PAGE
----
Beyond the diploma issue, the proposed amendments grant significant powers to the Education CS. If approved, the CS would be authorized to recommend mergers, conversions, or closures of both public and private universities. This move could potentially lead to job losses, especially among non-teaching staff, as universities would need to streamline operations for financial sustainability.

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However, not everyone supports the idea of mergers. Prof Daniel Mugendi, Chairperson of the Vice Chancellor’s Committee, strongly opposes the planned mergers, arguing that they won’t address the fundamental challenges facing universities. He attributes these challenges to insufficient funding rather than institutional structure.

Mugendi also questions the logic of merging universities when newer institutions, established in 2013/2014, are already grappling with large student populations. He emphasizes that mergers would lead to even larger student bodies, making it difficult for institutions to manage effectively.

Additionally, Machogu advocates for universities to specialize, citing Strathmore University as an example. He suggests that institutions should focus on specific fields to stand out, noting that other educational institutions like TVET institutions and middle-level colleges are better equipped to offer a broader range of courses.

Tensions Rise as Universities Resist Government Proposal to Eliminate Diploma Programs
Tensions Rise as Universities Resist Government Proposal to Eliminate Diploma Programs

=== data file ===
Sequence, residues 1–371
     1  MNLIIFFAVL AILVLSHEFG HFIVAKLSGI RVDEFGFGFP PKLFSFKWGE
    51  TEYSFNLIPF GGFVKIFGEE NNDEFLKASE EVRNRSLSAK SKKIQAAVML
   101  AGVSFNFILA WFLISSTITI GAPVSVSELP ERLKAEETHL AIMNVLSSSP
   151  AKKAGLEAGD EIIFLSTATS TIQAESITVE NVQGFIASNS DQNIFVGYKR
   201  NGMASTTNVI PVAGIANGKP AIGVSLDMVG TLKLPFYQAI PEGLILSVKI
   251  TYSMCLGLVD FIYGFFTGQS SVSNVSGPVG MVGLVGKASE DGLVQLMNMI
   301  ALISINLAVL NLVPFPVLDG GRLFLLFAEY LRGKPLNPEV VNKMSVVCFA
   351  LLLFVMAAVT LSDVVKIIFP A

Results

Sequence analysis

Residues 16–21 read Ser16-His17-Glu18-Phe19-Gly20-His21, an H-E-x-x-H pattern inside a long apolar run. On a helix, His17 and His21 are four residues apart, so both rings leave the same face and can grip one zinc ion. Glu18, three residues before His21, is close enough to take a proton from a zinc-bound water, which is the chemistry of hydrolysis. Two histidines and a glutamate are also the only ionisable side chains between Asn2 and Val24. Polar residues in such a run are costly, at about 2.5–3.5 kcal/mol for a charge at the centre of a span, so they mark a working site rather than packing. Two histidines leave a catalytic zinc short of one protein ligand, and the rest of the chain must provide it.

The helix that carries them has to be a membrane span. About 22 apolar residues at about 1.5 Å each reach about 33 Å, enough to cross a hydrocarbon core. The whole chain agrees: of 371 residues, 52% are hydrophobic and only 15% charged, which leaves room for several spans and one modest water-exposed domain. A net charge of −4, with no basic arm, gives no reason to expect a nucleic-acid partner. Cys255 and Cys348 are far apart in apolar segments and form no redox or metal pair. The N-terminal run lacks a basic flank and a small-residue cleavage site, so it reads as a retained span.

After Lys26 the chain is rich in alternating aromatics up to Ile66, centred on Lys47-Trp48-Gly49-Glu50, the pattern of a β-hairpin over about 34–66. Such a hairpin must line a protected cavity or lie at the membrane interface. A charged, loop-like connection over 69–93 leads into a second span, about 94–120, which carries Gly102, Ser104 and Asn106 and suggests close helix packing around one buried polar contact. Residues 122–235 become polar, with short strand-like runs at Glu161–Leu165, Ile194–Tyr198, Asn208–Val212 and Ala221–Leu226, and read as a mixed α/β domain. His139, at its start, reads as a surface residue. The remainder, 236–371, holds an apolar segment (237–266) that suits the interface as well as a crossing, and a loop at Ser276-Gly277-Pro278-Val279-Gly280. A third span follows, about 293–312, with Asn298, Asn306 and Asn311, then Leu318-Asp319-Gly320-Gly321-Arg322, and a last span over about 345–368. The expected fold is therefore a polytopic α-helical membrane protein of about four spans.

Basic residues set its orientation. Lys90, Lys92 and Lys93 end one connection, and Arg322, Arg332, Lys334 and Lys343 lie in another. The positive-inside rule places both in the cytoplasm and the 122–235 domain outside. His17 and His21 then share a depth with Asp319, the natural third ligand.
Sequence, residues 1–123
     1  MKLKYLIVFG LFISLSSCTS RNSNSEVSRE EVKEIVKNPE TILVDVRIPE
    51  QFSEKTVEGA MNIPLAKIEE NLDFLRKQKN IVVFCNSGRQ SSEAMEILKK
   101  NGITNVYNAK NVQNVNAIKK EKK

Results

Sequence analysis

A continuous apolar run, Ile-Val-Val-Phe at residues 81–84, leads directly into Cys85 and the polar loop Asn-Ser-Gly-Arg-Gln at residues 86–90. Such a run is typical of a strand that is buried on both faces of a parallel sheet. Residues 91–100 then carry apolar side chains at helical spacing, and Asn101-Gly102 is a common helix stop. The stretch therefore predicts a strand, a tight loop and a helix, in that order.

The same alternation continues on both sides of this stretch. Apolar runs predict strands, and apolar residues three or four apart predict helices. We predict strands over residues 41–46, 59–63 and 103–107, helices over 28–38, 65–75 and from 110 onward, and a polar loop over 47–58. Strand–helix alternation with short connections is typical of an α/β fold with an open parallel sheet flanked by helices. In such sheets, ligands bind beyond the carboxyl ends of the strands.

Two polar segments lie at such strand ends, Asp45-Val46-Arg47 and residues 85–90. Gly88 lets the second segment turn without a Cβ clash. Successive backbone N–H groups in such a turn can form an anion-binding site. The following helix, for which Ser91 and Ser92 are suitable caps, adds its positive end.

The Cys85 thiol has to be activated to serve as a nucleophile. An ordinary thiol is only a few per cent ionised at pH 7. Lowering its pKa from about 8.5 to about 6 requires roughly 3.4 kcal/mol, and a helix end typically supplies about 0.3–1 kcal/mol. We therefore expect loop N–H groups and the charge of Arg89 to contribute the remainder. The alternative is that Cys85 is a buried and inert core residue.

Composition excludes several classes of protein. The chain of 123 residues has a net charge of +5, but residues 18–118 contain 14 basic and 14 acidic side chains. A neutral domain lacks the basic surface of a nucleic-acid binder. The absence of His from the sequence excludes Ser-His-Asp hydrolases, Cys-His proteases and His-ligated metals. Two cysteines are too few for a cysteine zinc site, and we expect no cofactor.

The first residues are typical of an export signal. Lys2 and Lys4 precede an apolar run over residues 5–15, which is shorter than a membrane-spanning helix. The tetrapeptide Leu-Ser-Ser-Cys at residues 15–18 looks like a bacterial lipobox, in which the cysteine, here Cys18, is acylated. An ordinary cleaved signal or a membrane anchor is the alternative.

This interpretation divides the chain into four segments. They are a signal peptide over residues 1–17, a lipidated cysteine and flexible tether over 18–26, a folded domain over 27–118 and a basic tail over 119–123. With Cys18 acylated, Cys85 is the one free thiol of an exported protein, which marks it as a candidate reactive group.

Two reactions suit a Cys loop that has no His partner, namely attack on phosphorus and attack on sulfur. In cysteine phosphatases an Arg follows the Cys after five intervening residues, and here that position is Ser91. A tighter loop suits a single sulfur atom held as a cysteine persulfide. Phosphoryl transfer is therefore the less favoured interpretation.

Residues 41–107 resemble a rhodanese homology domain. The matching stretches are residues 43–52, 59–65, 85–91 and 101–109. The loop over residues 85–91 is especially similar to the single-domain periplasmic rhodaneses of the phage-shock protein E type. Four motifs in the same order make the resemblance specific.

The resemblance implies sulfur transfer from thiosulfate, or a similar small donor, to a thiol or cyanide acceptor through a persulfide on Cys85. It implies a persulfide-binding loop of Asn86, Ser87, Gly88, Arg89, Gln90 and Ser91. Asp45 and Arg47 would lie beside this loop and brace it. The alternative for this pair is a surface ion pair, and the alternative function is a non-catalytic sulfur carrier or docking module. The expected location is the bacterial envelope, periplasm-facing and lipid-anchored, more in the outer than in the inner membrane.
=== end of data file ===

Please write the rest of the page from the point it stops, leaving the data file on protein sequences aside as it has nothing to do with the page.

As part of the proposed changes, universities would need to undergo re-accreditation of their programs every six years. A mandatory review, assessing relevance and institutional capacity, is to be conducted prior to the expiration of the accreditation period. This initiative aims to ensure that the programs offered by universities remain current, pertinent, and well-supported.

According to the draft bill, a review of each program should be conducted at least six months before the expiry of its validity period. This review process is designed to determine the ongoing relevance of the program and assess the university’s capacity to continue offering it.

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One significant shift proposed in the reforms involves the appointment of Vice-Chancellors for public universities. The responsibility would revert to university councils, a practice in place before 2016. Currently, the Public Service Commission carries out this process. Additionally, the Ministry suggests reducing the term limit for university VCs to three years, contrary to the VCs’ preference of maintaining it at five years.

The proposed criteria for individuals aspiring to become Vice-Chancellors include attaining the rank of a professor and holding a doctorate degree from a recognized university.

Another noteworthy proposal is the categorization of universities based on specialization. The ministry envisions six categories for public universities, including Research Universities, Science and Technology Universities, Comprehensive Universities, Technical Universities, Specialized Institutions (such as the Kenya Defence Forces University), and Graduate Universities.

To ensure universities align with their designated categories, the bill suggests prohibiting institutions from offering courses outside their designated purview without proper accreditation. These comprehensive reforms seek to elevate academic standards, enhance accountability, and align universities with their specialized roles.

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Tensions Rise as Universities Resist Government Proposal to Eliminate Diploma Programs